Friday, December 18, 2009

Consensus, collaboration and power imbalances - words from the Senate Hearing on Women's choice of birthplace and midwife's role

From the Senate hearing

Senator SIEWERT—The issue around consensus is about somebody who has spent years of her life in a
consensus system—a consensus decision-making process. One of the things I clearly know is that, if there is a power imbalance, consensus tends not to work, because at the end of the day the people holding the power can say, ‘I don’t care what you think; we’re the ones that sign on the dotted line at the end of this process.’ That seems to me to be one of the keys here. You can say that the medical practitioners will collaborate and want a consensus approach, but at the end of the day it is the medical profession and obstetricians who will be responsible for signing off on collaborative care arrangements under the current process, and that is what
people are concerned about. It seems to me that it is clear that there is a power imbalance when you are happy with this amendment but patients, midwives and nurse practitioners are not happy with it. So that says to me that fundamentally there is an issue here.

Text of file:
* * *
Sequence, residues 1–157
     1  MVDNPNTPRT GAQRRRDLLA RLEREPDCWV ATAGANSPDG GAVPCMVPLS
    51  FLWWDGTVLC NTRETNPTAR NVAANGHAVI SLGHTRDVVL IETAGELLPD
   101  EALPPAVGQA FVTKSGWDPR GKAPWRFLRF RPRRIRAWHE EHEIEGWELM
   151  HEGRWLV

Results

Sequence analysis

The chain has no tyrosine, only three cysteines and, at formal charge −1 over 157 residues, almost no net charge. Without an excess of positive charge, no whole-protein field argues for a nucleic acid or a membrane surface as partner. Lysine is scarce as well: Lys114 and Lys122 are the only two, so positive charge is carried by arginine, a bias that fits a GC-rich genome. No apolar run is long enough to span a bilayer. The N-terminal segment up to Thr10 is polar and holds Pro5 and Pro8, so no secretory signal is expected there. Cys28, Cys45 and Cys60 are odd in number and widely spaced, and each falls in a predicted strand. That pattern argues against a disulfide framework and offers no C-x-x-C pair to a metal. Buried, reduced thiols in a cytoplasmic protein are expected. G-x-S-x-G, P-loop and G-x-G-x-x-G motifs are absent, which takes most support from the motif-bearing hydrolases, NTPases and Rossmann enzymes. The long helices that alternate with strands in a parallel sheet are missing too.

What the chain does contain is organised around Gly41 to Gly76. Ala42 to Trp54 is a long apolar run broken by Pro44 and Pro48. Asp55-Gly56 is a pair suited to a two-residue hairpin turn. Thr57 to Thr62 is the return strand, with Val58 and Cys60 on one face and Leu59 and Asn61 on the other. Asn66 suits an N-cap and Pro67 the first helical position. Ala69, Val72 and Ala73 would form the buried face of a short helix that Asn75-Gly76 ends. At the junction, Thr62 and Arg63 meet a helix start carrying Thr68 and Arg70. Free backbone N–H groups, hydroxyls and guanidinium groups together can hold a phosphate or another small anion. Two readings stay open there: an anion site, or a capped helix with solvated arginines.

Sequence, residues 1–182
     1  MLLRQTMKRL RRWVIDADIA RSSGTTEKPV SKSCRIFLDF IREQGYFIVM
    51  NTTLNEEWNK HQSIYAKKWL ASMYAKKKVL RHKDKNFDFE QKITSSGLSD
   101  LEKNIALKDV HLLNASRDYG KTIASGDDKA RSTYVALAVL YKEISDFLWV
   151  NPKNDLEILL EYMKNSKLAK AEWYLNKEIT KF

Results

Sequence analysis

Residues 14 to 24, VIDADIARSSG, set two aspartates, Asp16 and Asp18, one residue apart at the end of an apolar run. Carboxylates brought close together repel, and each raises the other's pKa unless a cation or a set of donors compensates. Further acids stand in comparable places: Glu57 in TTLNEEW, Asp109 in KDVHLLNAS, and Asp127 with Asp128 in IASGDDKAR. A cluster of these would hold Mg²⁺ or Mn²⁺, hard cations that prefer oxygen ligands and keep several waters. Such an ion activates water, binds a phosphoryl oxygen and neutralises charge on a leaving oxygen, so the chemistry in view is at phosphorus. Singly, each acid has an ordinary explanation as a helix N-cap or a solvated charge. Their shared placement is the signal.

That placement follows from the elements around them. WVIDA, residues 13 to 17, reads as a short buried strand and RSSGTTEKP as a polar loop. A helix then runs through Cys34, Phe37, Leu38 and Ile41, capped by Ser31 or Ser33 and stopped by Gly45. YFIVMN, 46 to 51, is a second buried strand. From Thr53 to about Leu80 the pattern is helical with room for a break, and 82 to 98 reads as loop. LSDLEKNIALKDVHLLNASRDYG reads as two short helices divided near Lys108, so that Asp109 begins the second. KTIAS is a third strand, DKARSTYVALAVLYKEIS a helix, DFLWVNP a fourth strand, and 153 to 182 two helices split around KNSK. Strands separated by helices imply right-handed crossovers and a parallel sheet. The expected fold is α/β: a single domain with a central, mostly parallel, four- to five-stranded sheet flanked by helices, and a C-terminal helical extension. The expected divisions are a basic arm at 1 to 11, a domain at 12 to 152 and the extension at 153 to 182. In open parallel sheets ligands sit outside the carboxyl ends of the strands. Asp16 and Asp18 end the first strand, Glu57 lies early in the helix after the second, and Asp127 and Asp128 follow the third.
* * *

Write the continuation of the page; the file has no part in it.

Dr Pesce—All right. We have lots of very happy patients that do not seem to be unhappy with the power
balance. But in trying to address—

Senator SIEWERT—We have 2,000 emails from people saying that they do not like the current
amendment.


Dr Pesce—And there are 280,000 births a year. But we do not have to get stuck on that. In terms of the
power imbalance, if there is a power imbalance, I suspect that it emerges from the fact that we have different
competencies and that, at the end of the day, when something goes wrong—in an abnormal or high-risk
pregnancy—it is an obstetrician that is required to perform an instrumental delivery or a caesarean section,
which is not within the competency of a midwife. If there is an imbalance, I suspect that it emerges from the
fact that midwives can care for a patient to a certain point and then, if something goes beyond that, they need
to enlist the services of a collaborating obstetrician. But that obstetrician obviously is hesitant to just become a
technician and say, ‘I will just step in when I am asked to.’ They would like to step in at the right time. So, if
there is a power imbalance, it arises from the different competencies of the people who work in the team,

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